Monday, April 3, 2017
There is no easy way to enter the process of hearing your baby will be born with Down syndrome and a heart defect – there is no word to explain the grief, shock, anger or feeling of isolation. Soon, we found ourselves booked with appointments; meeting with doctors, specialist and genetic teams to gain a better understanding and view of her heart. The overload of information was overwhelming, in those first few weeks, after hearing statistics, talking to doctors and reading about it everywhere, we thought we knew what it all meant but to be honest, we were completely and utterly devastated.
It wasn’t until the third appointment we finally broke down. I cried on the bathroom floor for what felt like hours, the baby we dreamt to life would be deprived and live a life shorter then what she deserved. The days began to pass and I found comfort in sleeping them away while Nikki spent entire night building things and keeping herself completely busy.
We were shocked, we became devastated. We were angry, we became resentful. We refused to open her bedroom door, we felt guilty. There was a process of grief as we had to let go of the image we created for our daughter and accept what would be. We began to mourn and let go of the expectations we had developed for her.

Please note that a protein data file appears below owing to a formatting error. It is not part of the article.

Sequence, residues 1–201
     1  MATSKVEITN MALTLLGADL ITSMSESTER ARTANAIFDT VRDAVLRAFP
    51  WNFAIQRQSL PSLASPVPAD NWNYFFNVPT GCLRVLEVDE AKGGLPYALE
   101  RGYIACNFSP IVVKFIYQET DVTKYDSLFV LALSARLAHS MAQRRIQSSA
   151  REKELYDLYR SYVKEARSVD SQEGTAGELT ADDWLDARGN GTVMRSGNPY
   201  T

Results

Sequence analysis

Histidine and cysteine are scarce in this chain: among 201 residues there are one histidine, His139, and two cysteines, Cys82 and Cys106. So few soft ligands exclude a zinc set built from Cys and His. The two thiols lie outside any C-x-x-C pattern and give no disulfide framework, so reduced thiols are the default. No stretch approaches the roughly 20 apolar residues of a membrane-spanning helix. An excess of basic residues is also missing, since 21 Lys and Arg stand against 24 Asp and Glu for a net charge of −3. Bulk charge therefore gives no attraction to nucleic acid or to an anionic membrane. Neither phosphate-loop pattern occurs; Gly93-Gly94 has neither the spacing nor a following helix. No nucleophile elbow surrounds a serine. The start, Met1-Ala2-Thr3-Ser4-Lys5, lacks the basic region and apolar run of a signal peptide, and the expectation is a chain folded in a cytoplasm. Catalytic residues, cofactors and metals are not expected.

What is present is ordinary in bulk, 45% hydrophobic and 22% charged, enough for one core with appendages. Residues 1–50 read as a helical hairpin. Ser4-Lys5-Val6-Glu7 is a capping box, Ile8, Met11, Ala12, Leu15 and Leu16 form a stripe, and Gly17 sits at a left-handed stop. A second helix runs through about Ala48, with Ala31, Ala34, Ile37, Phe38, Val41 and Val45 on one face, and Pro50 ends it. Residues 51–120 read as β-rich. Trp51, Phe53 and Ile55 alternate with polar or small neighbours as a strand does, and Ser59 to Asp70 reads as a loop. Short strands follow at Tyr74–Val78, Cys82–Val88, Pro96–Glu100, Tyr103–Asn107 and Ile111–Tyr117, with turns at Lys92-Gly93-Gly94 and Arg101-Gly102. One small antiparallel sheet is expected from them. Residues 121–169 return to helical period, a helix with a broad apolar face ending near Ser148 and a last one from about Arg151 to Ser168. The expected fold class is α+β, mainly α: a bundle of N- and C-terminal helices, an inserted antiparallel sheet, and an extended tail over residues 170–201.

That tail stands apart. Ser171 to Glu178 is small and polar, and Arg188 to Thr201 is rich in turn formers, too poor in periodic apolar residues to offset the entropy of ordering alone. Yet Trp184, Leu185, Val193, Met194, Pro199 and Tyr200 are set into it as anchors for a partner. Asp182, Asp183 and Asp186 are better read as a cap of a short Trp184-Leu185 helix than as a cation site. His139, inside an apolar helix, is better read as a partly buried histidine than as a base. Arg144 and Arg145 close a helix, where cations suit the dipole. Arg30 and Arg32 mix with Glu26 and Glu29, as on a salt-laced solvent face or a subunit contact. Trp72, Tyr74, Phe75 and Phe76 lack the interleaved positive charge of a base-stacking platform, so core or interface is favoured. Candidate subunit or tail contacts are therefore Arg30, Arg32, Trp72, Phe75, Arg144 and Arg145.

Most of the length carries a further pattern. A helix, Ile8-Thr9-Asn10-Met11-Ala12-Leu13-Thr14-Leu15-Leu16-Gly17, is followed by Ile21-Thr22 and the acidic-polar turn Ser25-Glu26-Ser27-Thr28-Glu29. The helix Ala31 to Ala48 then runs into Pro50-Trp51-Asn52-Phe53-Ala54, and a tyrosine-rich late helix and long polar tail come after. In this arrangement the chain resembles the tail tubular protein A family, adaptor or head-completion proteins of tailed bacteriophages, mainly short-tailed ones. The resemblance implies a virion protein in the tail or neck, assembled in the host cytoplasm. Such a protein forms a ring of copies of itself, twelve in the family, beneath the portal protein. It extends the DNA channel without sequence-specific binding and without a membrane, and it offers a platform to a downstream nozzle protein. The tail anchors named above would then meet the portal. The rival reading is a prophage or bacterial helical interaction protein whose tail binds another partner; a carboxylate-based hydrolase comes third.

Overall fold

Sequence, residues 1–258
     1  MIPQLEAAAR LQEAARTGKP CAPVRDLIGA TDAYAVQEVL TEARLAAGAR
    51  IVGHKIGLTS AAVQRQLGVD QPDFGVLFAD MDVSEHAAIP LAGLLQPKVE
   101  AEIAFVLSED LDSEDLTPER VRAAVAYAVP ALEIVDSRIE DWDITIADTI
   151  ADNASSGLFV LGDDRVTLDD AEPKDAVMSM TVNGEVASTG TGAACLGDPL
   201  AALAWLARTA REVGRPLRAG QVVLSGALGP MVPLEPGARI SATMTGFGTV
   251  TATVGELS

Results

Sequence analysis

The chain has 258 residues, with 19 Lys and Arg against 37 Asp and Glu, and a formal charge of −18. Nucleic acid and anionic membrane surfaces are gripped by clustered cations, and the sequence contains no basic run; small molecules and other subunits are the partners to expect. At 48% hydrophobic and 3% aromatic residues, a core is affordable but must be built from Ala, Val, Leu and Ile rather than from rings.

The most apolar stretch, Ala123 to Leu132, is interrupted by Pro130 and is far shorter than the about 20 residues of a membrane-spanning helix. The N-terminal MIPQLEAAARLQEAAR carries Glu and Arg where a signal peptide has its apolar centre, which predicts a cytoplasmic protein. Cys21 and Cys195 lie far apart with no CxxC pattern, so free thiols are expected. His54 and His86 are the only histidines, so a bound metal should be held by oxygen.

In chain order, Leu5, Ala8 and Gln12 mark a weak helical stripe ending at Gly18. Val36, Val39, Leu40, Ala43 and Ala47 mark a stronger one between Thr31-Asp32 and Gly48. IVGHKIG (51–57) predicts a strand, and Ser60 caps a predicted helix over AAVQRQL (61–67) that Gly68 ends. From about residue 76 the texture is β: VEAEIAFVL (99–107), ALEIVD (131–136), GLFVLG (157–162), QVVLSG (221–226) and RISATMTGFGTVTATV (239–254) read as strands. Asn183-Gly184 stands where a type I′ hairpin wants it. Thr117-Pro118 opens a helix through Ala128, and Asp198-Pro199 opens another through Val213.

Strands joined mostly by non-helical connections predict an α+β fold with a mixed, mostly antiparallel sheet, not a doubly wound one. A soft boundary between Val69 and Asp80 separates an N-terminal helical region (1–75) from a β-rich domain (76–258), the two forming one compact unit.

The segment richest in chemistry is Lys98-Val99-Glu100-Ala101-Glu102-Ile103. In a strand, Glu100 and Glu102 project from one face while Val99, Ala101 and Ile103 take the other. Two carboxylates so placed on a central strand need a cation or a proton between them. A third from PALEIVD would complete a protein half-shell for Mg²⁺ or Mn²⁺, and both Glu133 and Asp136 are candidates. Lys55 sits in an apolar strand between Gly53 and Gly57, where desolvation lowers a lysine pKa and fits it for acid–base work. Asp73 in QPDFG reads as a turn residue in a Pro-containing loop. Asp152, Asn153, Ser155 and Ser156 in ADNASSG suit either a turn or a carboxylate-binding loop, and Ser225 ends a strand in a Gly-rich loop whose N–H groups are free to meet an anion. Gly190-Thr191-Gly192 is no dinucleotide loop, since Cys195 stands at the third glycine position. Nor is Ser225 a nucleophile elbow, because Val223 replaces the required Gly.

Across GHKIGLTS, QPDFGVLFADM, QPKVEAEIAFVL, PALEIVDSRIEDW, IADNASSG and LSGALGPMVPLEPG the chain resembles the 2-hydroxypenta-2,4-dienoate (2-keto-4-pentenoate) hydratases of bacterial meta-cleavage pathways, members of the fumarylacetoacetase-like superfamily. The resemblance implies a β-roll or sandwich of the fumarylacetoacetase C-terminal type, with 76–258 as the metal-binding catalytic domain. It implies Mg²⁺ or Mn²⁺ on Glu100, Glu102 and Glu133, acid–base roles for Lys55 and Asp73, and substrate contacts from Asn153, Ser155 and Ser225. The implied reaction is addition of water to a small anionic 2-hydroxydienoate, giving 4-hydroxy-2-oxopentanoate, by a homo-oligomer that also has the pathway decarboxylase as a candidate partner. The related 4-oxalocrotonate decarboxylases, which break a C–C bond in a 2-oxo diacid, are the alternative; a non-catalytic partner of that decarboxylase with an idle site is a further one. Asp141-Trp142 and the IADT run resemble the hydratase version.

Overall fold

Weeks went by before we were able to sit and talk about it, then we attended the genetic counseling appointment and decided there would be no more testing, or bloodwork for any further determinations – We would wait until she was born and handle it as it comes. The only concern at this point is her heart defect.
Of course this news has left us overwhelmed. We are still adjusting and find we may still be showing signs of shock, but we have learned from other parents that we will move away from this time of uncertainty to a place of excitement and amazement. We have a lot to learn in the next few months about Down syndrome. We have already started to research and are set up to deliver in one of the best hospitals around. Some of the most important things we've learned are that each person with Down syndrome is a unique individual, and that with recent advances in medicine, education and acceptance, our daughter will live a rich and rewarding life, and will enrich ours as well. While we never expected this to happen it opened our eyes and made us begin to appreciate the health that she does have and the gift of life.
The truth is, we are keeping faith that this will be ok. We spent years waiting for this miracle and will no longer allow a diagnosis to take away the pure joy of our daughter; Mckenzie.